A report on Maricopa County’s 2020 election, ordered by Arizona state Senate Republicans and delivered to them on Friday, confirmed the state’s certified election results: Arizona was won by Vice President Joe Biden.

Mr. Biden’s 45,000-vote margin was slightly larger than Maricopa County found during its canvass last year, according to the contractors who led the review.

Contractors, on the other hand, included in their report a number of complaints about Maricopa County officials, who denied many of their accusations. During the hearing, the county defended its signature verification and curing process, as well as allegations about voters who had moved out of the county, people who may have voted in multiple counties, and the suggestion that voters returned more ballots than were received. The county also stated that it had kept all necessary data.

The contentious review process began in April, when the Arizona Senate subpoenaed voting equipment and the county’s 2.1 million ballots. Maricopa County, Arizona’s most populous county and one of the most populous counties in the country, is a Republican stronghold, but President Biden won the county in 2020, the first Democrat to do so since 1948.

Throughout the months-long investigation, election officials from both political parties, as well as Maricopa County Republicans, all criticized the effort. Cyber Ninjas, a cybersecurity firm with no prior experience with official election audits, led the review. The CEO of the company made a post about election conspiracy theories, but vowed to remain neutral and transparent throughout the review.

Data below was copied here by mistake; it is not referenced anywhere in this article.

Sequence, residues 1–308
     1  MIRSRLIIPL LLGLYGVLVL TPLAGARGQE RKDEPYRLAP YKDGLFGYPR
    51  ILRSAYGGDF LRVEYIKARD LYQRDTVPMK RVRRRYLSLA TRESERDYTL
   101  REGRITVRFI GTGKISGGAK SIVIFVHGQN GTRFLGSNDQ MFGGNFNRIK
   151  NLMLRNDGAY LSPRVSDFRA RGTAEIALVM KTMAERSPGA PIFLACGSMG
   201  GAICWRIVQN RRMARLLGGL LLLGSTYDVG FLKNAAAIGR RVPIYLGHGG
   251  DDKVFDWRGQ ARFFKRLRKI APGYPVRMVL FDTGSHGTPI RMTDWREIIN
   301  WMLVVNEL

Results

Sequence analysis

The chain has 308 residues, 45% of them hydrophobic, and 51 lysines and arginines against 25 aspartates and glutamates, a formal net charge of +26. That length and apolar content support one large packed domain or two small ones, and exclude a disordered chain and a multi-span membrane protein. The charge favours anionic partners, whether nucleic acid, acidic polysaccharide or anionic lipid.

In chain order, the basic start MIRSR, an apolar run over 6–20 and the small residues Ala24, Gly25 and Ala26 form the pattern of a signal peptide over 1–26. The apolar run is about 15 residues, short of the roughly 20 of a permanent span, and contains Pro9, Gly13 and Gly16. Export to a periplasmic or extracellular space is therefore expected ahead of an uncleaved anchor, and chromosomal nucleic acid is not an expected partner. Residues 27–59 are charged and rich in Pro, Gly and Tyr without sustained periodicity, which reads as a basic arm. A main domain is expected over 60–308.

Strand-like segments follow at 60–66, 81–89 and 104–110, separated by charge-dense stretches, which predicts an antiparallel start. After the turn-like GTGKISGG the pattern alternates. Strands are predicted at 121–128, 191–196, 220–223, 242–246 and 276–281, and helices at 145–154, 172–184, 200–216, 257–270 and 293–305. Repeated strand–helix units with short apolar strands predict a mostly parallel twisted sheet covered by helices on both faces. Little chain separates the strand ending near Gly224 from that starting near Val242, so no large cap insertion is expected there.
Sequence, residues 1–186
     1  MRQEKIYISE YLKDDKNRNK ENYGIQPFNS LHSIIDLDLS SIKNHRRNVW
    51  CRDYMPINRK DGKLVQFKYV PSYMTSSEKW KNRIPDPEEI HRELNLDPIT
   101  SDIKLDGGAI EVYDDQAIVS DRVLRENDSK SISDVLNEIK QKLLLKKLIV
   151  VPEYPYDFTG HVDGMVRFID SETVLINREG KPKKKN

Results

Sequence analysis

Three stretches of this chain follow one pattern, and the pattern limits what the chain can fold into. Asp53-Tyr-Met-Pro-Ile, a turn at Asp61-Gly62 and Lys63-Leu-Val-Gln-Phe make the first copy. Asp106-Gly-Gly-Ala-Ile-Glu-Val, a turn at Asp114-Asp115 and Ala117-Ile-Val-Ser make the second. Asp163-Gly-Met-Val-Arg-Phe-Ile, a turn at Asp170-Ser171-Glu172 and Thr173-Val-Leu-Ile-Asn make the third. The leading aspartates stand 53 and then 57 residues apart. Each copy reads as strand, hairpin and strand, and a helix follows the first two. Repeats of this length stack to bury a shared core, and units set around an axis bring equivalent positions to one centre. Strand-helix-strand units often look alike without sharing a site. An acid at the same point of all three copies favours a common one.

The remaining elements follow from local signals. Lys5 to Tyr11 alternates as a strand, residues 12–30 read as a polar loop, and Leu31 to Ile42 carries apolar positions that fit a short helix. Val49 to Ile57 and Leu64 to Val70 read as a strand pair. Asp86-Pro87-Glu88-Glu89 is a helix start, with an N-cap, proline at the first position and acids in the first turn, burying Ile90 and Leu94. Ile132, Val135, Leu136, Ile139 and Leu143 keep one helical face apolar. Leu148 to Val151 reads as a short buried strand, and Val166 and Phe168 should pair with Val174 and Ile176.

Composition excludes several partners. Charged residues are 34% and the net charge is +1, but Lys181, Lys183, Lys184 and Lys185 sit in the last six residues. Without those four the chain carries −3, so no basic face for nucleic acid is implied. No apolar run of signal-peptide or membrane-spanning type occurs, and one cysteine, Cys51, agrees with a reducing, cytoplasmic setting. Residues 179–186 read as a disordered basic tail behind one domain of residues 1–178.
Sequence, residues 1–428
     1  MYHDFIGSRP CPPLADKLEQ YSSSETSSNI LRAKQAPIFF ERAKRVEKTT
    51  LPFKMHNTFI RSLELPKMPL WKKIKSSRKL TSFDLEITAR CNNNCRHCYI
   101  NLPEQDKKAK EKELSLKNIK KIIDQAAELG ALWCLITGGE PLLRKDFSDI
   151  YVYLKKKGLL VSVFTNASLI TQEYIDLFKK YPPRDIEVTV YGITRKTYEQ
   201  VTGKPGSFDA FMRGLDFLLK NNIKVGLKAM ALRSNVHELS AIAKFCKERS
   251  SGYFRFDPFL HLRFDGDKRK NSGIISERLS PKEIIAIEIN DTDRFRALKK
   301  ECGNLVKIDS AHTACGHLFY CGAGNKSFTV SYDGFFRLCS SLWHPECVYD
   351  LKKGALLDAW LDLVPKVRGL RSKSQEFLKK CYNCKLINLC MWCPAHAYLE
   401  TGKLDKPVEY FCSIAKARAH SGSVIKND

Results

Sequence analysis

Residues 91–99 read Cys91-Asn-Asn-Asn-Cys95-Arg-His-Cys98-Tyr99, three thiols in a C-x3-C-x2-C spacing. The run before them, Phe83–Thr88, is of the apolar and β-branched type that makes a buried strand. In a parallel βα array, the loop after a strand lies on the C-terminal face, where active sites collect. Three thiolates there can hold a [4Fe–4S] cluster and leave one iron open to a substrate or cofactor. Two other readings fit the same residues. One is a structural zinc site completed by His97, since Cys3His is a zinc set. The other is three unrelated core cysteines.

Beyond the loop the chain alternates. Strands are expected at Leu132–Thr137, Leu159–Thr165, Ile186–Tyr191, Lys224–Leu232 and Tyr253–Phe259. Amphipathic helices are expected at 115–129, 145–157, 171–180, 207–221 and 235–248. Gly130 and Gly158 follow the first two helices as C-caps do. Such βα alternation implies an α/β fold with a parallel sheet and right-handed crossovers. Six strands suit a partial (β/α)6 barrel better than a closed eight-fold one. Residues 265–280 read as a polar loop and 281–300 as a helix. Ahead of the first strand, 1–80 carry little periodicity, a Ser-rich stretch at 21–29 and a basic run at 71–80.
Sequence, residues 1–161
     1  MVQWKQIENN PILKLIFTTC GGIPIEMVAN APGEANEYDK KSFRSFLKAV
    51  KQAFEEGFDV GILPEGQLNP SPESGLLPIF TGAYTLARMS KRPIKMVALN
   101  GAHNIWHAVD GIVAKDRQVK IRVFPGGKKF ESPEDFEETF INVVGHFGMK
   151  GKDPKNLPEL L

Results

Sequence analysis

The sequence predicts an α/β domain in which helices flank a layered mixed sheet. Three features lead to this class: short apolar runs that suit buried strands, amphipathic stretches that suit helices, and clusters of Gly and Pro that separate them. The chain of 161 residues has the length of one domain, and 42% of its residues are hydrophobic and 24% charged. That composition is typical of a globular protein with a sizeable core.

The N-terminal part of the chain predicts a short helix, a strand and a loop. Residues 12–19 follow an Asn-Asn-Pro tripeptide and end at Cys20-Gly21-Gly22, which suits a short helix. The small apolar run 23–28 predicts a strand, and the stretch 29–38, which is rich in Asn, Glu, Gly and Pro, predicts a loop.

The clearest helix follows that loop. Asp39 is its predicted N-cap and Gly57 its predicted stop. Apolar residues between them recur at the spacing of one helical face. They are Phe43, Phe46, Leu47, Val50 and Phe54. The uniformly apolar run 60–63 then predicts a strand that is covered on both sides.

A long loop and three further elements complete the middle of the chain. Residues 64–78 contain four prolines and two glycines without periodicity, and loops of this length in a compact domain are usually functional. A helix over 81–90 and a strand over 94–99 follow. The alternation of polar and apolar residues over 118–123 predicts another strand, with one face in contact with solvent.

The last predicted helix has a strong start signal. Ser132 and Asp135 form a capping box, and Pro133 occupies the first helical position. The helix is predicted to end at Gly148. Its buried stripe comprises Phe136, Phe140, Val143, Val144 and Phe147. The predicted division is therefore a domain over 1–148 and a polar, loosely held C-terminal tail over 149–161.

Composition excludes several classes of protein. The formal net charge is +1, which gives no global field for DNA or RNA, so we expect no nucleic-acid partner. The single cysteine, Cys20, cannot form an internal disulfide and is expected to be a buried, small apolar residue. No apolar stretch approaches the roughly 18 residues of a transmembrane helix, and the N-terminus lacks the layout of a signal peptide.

Republican Senate President Karen Fann has stated for months that the review is about improving the election process in the future, not about overturning the 2020 election. Before the presentation, Fann stated, “This has never been about overturning an election.” “It’s never been about anything but election integrity.”

The Senate’s review cost taxpayers over $400,000 but was largely funded by private organizations. In July, the review team revealed which organizations were funding the process. At the time, the team had received approximately $5.7 million, the majority of which came from organizations whose leaders had spread unsubstantiated theories about widespread voter fraud in the 2020 election. According to Ben Ginsberg, a longtime Republican election lawyer, the review was designed to try to prove fraud, and those conducting the review had a high burden of proof.

“This was Donald Trump’s best chance to prove his cases of election rigging and fraud, and they failed,” Ginsberg told reporters ahead of the Senate hearing on Friday.

Despite the fact that the review confirmed Mr. Biden’s victory, contractors said they discovered some issues with election administration and processes. Fann wrote a letter to Arizona Attorney General Mark Brnovich, who is running for the U.S. Senate, outlining findings she found troubling. This included the signature verification process, voter roll upkeep, cybersecurity procedures, and evidence preservation. According to Fann, the Senate is working on legislation to address these concerns.

“As the Senate moves forward, there are several items in the reports that merit your office’s attention,” Fann said. “As a result, I am forwarding the reports for your office’s consideration and, if appropriate, further investigation as part of your ongoing oversight of these issues.”

Election experts criticized some of Cyber Ninjas’ methodology, which was detailed in the draft report, ahead of the presentation. According to the report, the firm attempted to match information about voters using a commercial public database. According to Barry Burden, Director of the Elections Research Center at the University of Wisconsin-Madison, such databases typically rely on the National Change of Address database, which can be out of date and incomplete, and isn’t designed for that purpose.

“Cyber Ninjas attempted to validate voter addresses using a commercial firm. That is not the intention of those databases “Burden stated. “It’s just really problematic to use that kind of database as the foundation for some of the questions and allegations in the report.”